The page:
Wednesday, 22 January 2014

OGR (1): From Script to Screen

1 comment:

  1. OGR 23/01/2014

    Hi Heidi,

    Okay - lots to like about your story idea, but it's also too involved, too complex and long for the running time. If you think about Ben Lewis's talk - and just how much drawing was required to convey action sequences, then you'll know what I mean. For example - you've got a line of description that simply says 'epic battle scenes' occur - which might encompass lots of action.

    You need to look for visual economies: for example; begin Act 1 with the girl in bed, her room in darkness except for the fall of light from the open door across her; we hear a parent saying, 'Don't forget, you're going to the dentist tomorrow. Sleep tight'. The door closes, the room is in darkness, we see the little girl looking worried; she sleeps; she dreams...

    I think your villain should be on a pogo-stick - or like a pogo-stick - so his actual design is based upon the action of something sharp probing, like a drill-bit or similar. At the moment, your pogo-sticks are set-dressing and not actually giving you very much. Don't forget to keep the building-site element in there too - but you might want to think of it as a demolishment site instead, and your villain as the 'site-manager' - so he's in charge of organising the bacteria to take the mouth apart. I think you need to establish your villain right away,and establish too what his 'goal' is in terms of demolishing the teeth. I think a lot of your action in your premise isn't really focused enough; cut to the chase, pit the Floss Force against the villain from the outset. This is what I mean about economising your story concept; if you've got action there or detail that isn't precisely in the service of your story, get rid of it, or steamline it, or combine it.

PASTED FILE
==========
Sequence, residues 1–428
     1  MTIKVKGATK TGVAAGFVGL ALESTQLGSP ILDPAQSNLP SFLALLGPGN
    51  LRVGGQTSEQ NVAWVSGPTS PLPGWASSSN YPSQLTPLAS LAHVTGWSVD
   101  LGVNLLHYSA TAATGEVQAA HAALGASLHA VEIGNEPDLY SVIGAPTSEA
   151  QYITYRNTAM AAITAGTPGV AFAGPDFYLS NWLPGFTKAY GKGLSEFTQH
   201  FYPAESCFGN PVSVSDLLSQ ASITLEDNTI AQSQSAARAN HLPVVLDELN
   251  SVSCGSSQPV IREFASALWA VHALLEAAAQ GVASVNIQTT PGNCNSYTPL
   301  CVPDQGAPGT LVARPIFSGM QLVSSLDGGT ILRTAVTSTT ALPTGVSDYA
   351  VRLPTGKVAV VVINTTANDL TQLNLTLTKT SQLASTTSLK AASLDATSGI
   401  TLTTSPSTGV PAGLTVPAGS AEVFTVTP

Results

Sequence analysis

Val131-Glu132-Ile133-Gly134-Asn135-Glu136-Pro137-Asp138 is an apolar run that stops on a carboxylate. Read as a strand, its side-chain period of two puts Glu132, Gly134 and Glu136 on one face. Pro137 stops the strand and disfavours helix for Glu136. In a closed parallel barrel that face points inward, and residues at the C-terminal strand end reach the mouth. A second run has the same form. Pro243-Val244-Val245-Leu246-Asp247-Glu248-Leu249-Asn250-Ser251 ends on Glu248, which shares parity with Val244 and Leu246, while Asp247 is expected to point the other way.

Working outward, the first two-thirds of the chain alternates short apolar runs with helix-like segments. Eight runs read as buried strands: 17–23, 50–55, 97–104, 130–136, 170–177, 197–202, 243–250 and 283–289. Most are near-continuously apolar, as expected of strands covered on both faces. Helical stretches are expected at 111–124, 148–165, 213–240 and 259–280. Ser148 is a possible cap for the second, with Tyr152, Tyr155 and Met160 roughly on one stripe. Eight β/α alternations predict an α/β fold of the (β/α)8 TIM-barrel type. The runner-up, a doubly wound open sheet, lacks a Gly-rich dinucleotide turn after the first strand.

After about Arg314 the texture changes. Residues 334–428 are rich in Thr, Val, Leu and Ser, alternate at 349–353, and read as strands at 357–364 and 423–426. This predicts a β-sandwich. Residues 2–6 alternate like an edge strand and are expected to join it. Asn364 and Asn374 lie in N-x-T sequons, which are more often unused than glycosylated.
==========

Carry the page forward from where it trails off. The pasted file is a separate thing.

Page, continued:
In terms of your final ACT, I think it needs strengthening, which means ACT 1 and ACT 2 need to be very tightly structured to give you the available time. So, let's say for instance, that the hero character of the Floss Force is characterised by a particular colour or defining feature: I reckon that the little girl should wake up; we here the parent (off screen) say, 'Time to get up - and brush your teeth for the dentist'. We cut to the girl in the waiting room, nervous, we're shown the dentist's door (it's got a glass pane so we can see his shape); we cut to the girl looking nervous; we cut back to the door, the shape is looming against the glass; we cut back to the girl, we cut back to door - it opens, and then we see that somehow the Dentist is 'like' the hero from her dream; perhaps his hair is the same, perhaps his tie is the same colours as the hero's costume. Cut to the girl, who is smiling now; then cut to the dentist, who gives a big hero grin - the end... or something like that.

    So - you need to economise ACT 1/2, but cutting to the chase and cutting out any generic action stuff that's not about the foiling the villain's plan, and revisit ACT 3, because I think the match-up between the dream and reality needs to be signalled more explicitly.